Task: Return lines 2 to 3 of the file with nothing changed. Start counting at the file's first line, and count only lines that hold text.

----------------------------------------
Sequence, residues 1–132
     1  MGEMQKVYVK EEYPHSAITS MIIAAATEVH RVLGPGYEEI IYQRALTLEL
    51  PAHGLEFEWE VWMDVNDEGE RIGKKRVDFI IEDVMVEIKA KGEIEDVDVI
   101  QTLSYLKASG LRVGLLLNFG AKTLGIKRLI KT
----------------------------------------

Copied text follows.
     1  MGEMQKVYVK EEYPHSAITS MIIAAATEVH RVLGPGYEEI IYQRALTLEL
    51  PAHGLEFEWE VWMDVNDEGE RIGKKRVDFI IEDVMVEIKA KGEIEDVDVI